Mass shootings within the United States have become all too common: El Paso, Dayton, Parkland, Tree Of Life, Las Vegas, Borderline Bar, Sandy Hook, Charleston.
These are just some of many communities that have been rocked by gun violence. When something of this nature happens, we as a society look to blame mental health for the sole reason somebody shot up a Walmart, a school, a bar or club, a church.
But, maybe the problem isn't mental health or maybe it isn't the one thing that predicts a mass shooting. I know plenty of people who struggle with their mental health, but none who would even consider shooting up a building full of people.
The National Alliance on Mental Illness put out a statement on the most recent shootings in Ohio and Texas and said that the majority of violence is not perpetrated by people who have a mental illness.
When we put our focus on mental health and gun violence we ignore that most gun violence is committed by those in crisis, those who are under the influence of drugs and alcohol, or those who have a history of perpetrating domestic violence.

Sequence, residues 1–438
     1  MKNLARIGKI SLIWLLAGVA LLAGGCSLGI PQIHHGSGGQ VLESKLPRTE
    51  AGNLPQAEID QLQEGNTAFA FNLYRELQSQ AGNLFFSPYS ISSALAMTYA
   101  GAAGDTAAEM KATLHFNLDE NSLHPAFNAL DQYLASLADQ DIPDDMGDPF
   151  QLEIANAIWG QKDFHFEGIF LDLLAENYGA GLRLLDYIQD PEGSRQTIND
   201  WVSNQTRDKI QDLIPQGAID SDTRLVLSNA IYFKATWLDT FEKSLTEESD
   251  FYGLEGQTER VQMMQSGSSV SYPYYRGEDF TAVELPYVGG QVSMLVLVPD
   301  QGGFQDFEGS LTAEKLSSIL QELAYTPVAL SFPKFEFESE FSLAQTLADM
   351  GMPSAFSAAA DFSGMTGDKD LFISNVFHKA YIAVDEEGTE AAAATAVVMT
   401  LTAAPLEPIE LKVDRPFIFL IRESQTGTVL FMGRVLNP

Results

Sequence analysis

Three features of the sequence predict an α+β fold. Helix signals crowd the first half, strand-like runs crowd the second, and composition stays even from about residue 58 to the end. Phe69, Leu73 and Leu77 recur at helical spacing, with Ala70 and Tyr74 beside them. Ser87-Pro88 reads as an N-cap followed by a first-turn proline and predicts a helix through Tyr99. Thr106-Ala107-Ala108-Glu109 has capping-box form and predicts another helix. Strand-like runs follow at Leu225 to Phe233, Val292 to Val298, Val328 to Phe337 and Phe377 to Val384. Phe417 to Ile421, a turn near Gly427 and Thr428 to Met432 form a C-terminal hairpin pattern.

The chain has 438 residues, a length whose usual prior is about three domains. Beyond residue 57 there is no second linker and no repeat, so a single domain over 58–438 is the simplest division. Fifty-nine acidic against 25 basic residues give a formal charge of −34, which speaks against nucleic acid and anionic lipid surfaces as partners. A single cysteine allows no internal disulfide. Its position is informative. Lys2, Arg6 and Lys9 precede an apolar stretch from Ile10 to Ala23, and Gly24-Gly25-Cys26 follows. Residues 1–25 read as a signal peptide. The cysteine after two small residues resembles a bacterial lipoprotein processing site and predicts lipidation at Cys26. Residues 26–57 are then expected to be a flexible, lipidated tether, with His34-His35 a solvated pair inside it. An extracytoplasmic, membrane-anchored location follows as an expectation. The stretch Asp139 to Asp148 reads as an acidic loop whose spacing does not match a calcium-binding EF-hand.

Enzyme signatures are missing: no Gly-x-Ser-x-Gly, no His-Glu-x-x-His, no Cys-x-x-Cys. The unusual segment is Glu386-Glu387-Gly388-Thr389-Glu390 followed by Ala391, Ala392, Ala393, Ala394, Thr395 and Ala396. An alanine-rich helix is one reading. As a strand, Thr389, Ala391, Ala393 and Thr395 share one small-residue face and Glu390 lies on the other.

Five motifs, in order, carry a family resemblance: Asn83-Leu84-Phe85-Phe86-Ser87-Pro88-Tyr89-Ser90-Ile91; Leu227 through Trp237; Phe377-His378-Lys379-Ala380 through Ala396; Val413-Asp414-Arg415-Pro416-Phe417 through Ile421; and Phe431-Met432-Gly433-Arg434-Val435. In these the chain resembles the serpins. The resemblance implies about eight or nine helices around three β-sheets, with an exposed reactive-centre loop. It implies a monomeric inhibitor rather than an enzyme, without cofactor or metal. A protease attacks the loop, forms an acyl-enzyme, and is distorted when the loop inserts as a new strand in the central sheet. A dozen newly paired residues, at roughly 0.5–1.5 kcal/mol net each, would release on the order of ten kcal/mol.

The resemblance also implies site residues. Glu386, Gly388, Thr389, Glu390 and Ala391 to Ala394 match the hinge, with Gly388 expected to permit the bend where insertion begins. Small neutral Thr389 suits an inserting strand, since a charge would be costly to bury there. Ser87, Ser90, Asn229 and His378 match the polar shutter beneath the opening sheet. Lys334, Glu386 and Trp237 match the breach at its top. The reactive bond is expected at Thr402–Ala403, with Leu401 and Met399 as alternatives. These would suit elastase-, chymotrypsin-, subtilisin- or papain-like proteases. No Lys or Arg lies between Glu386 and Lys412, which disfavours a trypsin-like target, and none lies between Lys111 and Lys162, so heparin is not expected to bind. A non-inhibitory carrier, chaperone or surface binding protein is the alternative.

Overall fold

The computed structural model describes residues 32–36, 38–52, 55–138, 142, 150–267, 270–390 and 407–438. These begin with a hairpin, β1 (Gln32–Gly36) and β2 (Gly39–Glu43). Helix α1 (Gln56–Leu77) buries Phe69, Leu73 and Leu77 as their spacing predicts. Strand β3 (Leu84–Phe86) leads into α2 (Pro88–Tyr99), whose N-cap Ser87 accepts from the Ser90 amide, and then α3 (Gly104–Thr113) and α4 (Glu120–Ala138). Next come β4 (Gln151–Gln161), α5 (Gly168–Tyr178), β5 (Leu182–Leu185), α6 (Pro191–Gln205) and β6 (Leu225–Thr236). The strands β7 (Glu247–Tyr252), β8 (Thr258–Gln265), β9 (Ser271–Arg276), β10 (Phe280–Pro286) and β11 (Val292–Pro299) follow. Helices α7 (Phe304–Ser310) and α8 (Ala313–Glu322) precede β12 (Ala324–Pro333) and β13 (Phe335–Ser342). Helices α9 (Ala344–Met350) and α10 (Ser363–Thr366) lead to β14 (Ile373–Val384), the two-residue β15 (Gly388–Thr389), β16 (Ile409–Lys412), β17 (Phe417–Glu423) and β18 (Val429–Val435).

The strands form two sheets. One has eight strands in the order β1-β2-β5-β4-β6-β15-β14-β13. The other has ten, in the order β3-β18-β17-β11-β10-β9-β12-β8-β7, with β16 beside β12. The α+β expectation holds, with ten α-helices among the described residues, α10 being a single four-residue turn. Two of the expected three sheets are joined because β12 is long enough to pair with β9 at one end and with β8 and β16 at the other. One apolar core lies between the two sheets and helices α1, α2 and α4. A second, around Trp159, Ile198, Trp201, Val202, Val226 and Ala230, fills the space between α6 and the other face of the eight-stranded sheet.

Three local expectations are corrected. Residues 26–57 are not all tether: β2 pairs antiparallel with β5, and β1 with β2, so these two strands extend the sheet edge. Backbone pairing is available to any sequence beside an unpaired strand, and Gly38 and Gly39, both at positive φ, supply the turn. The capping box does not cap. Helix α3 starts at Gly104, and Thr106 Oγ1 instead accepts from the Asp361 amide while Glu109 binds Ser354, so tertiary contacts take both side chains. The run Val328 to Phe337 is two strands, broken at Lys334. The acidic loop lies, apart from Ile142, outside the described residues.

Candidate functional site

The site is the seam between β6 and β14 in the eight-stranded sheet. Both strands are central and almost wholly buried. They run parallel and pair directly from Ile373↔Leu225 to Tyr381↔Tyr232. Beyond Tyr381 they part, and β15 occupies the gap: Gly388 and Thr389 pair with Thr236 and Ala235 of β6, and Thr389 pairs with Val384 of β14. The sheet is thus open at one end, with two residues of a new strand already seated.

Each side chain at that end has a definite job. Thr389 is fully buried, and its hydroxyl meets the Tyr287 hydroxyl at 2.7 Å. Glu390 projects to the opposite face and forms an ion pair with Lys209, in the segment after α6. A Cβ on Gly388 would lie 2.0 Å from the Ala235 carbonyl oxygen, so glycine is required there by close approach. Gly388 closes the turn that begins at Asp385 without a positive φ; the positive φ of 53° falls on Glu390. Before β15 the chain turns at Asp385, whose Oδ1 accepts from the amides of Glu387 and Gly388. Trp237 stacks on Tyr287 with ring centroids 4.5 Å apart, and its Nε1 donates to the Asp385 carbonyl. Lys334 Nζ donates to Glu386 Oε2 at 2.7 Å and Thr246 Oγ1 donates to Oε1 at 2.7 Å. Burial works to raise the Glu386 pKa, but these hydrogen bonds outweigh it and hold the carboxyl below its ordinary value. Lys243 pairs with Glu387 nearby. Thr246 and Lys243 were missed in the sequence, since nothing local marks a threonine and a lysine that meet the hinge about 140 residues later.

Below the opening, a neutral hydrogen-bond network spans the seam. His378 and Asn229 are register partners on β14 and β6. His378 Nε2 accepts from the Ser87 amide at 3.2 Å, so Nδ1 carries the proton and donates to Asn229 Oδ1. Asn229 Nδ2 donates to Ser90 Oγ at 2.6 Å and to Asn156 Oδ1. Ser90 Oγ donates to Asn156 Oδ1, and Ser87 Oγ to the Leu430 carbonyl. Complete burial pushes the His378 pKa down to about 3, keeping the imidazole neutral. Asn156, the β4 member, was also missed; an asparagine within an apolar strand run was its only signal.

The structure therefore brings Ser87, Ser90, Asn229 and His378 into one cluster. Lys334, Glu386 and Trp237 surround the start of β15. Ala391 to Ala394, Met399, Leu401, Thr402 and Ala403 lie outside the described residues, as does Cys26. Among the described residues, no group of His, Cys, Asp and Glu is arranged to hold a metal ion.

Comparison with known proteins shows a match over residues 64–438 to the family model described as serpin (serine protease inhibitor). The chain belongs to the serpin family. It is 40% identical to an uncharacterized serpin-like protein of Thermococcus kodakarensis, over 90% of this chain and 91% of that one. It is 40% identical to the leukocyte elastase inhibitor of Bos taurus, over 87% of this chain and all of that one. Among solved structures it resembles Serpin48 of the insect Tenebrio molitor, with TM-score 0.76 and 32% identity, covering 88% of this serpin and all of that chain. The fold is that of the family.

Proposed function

A study was done by Everytown Research found familiar patterns. One of those patterns was a history of domestic violence. The majority of mass shootings were related to domestic or family violence.
My biggest question in all of this is how are there still states out there that do not prohibit domestic abusers from owning firearms. There are only 16 states who require abusers to turn in their guns.
States who have laws that require anyone who was convicted of a violent offense were associated with a 23% drop in the intimate partner homicide rate and a 21% drop in intimate partner firearm homicide rate.
This could be vital in eventually ending mass shootings since a link has been established between domestic/family violence and mass shootings.
At the end of the day, I am sure some mental illnesses play a part in mass shootings, but so does a history of domestic violence, and hate and ignorance and intolerance.